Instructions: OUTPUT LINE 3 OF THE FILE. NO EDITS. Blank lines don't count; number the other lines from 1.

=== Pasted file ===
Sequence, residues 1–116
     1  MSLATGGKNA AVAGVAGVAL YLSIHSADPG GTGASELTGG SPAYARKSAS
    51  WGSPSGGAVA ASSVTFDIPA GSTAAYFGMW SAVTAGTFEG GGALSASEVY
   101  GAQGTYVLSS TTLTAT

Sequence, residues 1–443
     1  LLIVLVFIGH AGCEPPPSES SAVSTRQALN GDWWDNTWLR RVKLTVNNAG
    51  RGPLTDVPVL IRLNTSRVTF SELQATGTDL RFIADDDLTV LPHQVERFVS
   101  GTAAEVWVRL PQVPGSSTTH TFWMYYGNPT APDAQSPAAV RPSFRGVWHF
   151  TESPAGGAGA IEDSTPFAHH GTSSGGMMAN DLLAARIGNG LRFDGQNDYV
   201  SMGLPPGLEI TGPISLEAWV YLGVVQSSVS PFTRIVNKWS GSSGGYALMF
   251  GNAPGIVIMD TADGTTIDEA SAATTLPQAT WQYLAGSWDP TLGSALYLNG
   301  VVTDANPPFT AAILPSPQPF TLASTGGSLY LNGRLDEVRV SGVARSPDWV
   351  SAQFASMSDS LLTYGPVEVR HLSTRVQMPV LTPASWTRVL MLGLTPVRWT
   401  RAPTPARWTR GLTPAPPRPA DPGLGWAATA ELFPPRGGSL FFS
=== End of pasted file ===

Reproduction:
    51  WGSPSGGAVA ASSVTFDIPA GSTAAYFGMW SAVTAGTFEG GGALSASEVY